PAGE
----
Outdoor Devil

When a Road Trip Needs a Nature Pit Stop
by Erika Zambello -- August 21st, 2014

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Ugh. That was my only thought as we sped down the highway. Though the road was clear directly in front of us, we watched the estimated trip length extend longer and longer. It was Sunday at noon, and my fiance and I were attempting to make it from our vacation in Maine all the way back down to North Carolina, where we hoped to set up our apartment and get settled before school starts next week. Faced with the ever growing red lines on our cell phone GPS – indicating horrendous traffic on the New Jersey Turnpike and outside of Washington, DC – we decided to take the longer but more scenic route through the Maryland, West Virginia, and Virginia mountains.

outdoor devil road trip

Photo by Erika Zambello

Though the trip was definitely longer, I don’t regret the detour for a minute. When taking a road trip, there are always opportunities to discover places you never knew existed. For us, it was the Catoctin Mountain Park, a national park nestled in the Maryland mountains.

outdoor devil stream

Photo by Erika Zambello

We came upon the park quite by accident, driving past the sign as we followed the turn by turn directions so characteristic of today’s modern GPS navigation. The road bordered a truly beautiful stream, and signs announced that these waters were special trout catch-and-release only territory. Well, we had a fishing rod in the car, how could we not stop?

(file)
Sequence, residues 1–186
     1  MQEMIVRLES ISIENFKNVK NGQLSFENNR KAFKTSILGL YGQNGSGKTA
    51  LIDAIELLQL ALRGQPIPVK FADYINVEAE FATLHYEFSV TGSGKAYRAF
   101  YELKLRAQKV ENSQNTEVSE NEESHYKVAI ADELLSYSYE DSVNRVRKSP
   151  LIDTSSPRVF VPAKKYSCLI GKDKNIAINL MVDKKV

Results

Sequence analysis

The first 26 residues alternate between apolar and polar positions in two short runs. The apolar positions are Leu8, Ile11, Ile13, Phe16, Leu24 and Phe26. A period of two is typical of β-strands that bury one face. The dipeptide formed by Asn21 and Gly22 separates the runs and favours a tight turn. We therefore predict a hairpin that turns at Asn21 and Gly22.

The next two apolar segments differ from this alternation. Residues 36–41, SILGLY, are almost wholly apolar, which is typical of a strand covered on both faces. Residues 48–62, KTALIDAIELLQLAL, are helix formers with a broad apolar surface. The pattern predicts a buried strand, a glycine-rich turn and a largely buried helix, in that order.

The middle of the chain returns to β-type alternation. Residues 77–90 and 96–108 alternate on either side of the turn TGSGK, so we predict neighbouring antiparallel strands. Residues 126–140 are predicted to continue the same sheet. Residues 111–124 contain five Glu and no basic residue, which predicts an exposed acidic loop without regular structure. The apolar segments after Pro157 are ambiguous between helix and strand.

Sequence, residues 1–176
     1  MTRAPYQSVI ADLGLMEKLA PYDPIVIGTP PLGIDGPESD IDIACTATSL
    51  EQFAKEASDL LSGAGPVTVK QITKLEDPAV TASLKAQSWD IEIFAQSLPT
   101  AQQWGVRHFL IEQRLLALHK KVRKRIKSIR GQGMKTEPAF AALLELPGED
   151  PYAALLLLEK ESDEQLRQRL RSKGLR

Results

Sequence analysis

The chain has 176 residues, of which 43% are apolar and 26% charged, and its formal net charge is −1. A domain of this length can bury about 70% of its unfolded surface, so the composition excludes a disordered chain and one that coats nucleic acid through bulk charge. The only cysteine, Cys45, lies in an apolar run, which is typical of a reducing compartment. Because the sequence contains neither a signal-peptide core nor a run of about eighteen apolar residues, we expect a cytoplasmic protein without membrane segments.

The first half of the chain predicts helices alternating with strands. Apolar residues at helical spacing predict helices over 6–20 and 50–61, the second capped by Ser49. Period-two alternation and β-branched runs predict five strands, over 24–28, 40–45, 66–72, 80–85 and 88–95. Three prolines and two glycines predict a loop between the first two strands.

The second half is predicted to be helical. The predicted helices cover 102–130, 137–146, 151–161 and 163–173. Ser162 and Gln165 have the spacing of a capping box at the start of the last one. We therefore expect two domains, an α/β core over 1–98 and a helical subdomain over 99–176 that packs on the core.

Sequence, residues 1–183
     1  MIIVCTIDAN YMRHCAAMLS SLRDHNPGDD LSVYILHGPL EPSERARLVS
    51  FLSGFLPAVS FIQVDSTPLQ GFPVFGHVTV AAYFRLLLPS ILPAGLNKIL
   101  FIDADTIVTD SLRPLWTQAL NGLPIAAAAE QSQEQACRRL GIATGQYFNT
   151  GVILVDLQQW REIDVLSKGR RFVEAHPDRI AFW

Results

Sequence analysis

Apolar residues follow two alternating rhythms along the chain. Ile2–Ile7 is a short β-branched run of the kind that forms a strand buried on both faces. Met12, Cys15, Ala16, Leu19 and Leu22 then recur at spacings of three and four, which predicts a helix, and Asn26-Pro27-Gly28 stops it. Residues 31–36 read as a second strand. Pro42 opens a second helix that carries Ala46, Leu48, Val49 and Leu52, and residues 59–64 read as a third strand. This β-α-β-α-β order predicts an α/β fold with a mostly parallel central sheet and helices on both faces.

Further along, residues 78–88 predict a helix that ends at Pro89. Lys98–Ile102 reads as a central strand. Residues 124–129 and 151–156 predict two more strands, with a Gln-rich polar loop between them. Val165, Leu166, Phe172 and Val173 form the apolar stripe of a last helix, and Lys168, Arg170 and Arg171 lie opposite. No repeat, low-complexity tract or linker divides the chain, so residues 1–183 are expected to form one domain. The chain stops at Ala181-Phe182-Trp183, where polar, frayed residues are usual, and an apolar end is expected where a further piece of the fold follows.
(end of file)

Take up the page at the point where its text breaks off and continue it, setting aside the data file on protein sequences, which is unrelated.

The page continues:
outdoor devil stream

Photo by Erika Zambello

Pulling off into a single parking spot right on the road, we carefully picked our way down a rocky hill to reach the water. Though the road was only 20 yards away, the sound of the gurgling stream nearly drowned out the humming cars. For thirty minutes we truly took a break from travel and took a deep breath of clean mountain air. I was more interested in taking pictures than fishing, so while my fiance rigged up his fly rod I practiced taking water photos. The stream wound its way around rocks of every size, causing tiny waterfalls and graceful ripples at every turn. The trees were a deep green above us, allowing only dappled sunlight to reach the forest floor below.

outdoor devil stream

Photo by Erika Zambello

The gentle sounds of the little river were lulling me into a zen-like state when all of a sudden I heard Brian suck in air and pull his arm straight. I immediately stood, “Did you catch a fish?!”

He had. We had barely been there twenty minutes but he had been casting to pockets of water along the bank. After dozens of casts, he hit upon a run containing a small brook trout, and after some reeling the fish was in his palm. Its belly was a golden color, with colorful spots running up and down its side. After removing the hook and pausing for a moment to marvel at its brightness (and for me to take a photo), he slipped the fish back into the running water, where it quickly swam away.

outdoor devil fish

Photo by Erika Zambello

Though we only stayed for ten minutes longer, we both returned to the car feeling rejuvenated and refreshed for the remainder of the drive. The roads were small and meandered, but we saw the park, caught a fish, and later saw a mother deer nursing her fawn barely 15 feet from us along a quiet dirt road. We’ve had a taste of the wonderful Maryland mountains, and we are already making plans to return!

outdoor devil deer

Photo by Erika Zambello

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